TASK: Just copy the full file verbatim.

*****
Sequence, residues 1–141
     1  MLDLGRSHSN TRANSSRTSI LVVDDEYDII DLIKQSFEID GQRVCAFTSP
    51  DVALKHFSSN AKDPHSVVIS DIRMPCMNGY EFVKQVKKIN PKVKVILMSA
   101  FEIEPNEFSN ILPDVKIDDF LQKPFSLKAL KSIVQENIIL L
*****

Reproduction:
Sequence, residues 1–141
     1  MLDLGRSHSN TRANSSRTSI LVVDDEYDII DLIKQSFEID GQRVCAFTSP
    51  DVALKHFSSN AKDPHSVVIS DIRMPCMNGY EFVKQVKKIN PKVKVILMSA
   101  FEIEPNEFSN ILPDVKIDDF LQKPFSLKAL KSIVQENIIL L